When I moved into my house in Year Of Our Lord XIIBV, one of the first things I noticed was that all the walls were beige, which I didn't love.
"I'll paint them later," I optimistically promised myself. And then I moved all of the crap I've ever owned into the place.
Look. Let me give you some old man wisdom from this old man. Listen carefully. What I'm about to tell you is one of the most important things you'll ever hear in your life: if you buy a home and it is not the color you want it to be on the inside, do not move your sh&t into it. Leave your sh$t out of it. Paint the d@mn place first.
I bleeped out all of my swears for my mother.
The point is, painting an empty home? A pain. But a manageable pain. Painting a home full of your life's worth of hoarding? An unmanageable pain.
Do not do that to yourself.
I give this advice knowing full well that I could have never followed it myself when I was young and dumb and so excited to sleep under my own roof and start saying things like "are we heating the neighborhood?!" whenever someone left the door open. I couldn't have forced myself to wait several days to get the painting done before moving in.
Nonethenevertheless, it's good advice and you should do as I say and not as I do.
I've been putting off the painting for 6 years because it all seemed so daunting. For a while I had aspirations that I might do the job myself, but I finally gave up on that dream about a year ago after I started watching youtube videos about proper techniques for all the prep work and I realized I do not have the patience to do something like this even remotely well.
The next barrier was finding a painter who would do a good job. A few years ago Matt hired a company that nearly destroyed his house. Days after they finished paint was spontaneously peeling off of his walls. He nearly ended up in court over the whole thing until the company finally gave in and left. He ultimately got the job done himself and it looked great. But when I asked him when he was coming to do mine he responded with a lot of profanities, which he did not bleep.
Finally a few weeks ago my neighbor Lynne told me her painter was doing some work on her garage and she raved about him and said she's used him for years and he's the best contractor she's ever hired. The next day she sent him over to my house to give me a bid. "You're never going to call him yourself so I'm forcing him on you," she astutely observed.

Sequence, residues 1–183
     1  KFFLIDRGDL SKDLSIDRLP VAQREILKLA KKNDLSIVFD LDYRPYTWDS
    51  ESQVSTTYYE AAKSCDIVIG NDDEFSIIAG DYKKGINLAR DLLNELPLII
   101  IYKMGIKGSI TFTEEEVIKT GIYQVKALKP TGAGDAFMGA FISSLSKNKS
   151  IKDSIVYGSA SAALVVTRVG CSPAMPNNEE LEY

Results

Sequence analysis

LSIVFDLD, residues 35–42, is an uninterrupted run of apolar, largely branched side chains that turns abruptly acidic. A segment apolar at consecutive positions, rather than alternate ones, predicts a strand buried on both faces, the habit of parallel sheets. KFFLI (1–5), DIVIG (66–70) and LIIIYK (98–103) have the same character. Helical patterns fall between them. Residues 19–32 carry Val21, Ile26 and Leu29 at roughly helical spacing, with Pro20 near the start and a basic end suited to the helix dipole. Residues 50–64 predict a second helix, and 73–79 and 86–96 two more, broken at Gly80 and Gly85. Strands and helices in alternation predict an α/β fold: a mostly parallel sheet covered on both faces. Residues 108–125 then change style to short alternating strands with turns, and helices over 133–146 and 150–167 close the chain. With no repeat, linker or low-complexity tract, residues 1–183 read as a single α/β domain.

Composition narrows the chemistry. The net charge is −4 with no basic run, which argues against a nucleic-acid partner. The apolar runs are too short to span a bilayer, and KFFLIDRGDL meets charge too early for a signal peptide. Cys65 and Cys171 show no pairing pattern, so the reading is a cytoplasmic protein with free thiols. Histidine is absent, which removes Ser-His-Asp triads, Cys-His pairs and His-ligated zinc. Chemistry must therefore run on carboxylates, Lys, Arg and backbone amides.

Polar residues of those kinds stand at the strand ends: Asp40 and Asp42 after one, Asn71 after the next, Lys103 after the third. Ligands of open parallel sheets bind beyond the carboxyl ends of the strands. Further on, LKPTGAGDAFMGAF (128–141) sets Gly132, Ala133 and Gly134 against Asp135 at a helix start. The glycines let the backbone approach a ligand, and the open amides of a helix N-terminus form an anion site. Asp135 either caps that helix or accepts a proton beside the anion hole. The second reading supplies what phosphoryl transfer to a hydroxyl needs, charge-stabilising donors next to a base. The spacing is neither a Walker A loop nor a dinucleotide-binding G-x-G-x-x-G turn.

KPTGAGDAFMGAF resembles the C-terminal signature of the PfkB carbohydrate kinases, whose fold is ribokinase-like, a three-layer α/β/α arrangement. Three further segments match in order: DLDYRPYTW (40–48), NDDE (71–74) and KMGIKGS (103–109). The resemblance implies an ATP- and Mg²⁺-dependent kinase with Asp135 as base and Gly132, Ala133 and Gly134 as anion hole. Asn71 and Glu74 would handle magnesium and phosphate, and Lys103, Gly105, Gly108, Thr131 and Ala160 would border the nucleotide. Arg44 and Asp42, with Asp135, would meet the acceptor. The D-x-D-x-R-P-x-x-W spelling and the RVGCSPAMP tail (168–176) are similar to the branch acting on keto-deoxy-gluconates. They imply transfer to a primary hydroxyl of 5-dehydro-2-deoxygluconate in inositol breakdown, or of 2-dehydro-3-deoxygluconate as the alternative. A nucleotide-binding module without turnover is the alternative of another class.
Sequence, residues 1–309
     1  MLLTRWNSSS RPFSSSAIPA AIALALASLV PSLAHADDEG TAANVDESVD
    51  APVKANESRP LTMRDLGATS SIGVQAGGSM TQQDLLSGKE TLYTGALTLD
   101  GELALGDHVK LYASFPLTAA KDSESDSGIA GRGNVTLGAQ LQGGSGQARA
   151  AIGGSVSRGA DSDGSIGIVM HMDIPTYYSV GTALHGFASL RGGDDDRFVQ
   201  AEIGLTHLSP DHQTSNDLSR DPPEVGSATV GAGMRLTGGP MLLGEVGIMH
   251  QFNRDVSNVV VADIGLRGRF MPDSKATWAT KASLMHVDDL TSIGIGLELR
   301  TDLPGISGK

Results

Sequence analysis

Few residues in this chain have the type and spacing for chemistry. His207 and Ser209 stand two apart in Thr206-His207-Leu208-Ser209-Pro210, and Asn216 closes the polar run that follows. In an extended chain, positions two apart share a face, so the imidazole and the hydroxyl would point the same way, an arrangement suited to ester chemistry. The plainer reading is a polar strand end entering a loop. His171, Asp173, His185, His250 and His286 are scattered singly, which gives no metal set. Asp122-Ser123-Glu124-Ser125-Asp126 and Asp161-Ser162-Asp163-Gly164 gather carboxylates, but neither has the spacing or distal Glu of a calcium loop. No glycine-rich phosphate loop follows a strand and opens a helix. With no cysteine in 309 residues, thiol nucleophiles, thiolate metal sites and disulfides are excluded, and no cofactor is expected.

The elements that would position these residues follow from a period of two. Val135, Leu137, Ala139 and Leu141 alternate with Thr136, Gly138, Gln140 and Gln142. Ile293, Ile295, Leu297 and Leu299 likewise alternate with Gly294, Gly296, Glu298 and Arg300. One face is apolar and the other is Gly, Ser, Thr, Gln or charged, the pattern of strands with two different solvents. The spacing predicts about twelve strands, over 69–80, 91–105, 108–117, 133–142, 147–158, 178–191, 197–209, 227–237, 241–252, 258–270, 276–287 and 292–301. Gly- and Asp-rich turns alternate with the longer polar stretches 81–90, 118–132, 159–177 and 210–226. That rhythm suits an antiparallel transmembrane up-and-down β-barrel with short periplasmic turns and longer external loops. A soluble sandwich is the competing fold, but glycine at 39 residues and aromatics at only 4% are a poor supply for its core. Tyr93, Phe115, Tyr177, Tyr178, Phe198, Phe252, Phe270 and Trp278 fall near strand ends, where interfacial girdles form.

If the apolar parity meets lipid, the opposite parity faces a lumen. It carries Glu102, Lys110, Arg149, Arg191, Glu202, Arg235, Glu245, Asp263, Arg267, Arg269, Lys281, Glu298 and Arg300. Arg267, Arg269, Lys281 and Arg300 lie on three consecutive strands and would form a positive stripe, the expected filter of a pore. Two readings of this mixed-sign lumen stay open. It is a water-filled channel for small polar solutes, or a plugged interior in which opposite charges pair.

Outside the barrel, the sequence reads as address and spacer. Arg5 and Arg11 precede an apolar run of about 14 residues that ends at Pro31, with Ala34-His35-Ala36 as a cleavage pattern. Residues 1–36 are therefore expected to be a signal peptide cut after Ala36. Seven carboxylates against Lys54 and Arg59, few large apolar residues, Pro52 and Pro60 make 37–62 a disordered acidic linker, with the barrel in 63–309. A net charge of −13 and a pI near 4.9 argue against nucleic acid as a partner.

The next Sunday night Sky and I spent several hours shuffling furniture and an alarming amount of knick-knacks into different parts of the house. Because we had him paint the entire upstairs, the whole week became basically a living rubik's cube where every evening we tried to move stuff from one room to another so he could get in and do some prep work or painting, but we couldn't move it through work areas or into unfinished areas. I promise you this was a lot more complicated than it sounds.
To make matters more interesting, in part because our Utah Covid numbers are approaching the infinity symbol and our governor has directed us back to an April-like lockdown, we felt like we really should avoid being in the house while he was working. This was easy for Sky because he's off at his rotations and affairs all day anyway, but it was trickier for me since I'm trying to avoid my office to a reasonable degree but also it's very cold out.
I'm a trusting person. Probably overly-trusting. I've had contractors take advantage of me before because of this. I get this from Cathie McCann who wouldn't stop someone from mugging her if she thought it might hurt their feelings. But even still, I don't know if I'll ever get used to leaving a stranger in my house all day every day for a week unattended.
In any event, Lynne's recommendation was truly not an exaggeration. (If you're looking for someone in the SLC area, his name is Alex Bowman, Painting Elk Country.) I've never had a more positive experience with any contractor.
A sampling of pictures for you to over-analyze and pick apart our design choices:
And now, please enjoy some Strangerville:
This time in Strangerville, we discuss Four Seasons Total Landscaping and our attempts to disconnect from the news of the day for our own survival. Plus, a story from Eli about playing the recorder in fourth grade.
The Beehive State, by Eli McCann (music by Gillicuddy)
Production by Eli McCann, Meg Walter, & The Beehive
~It Just Gets Stranger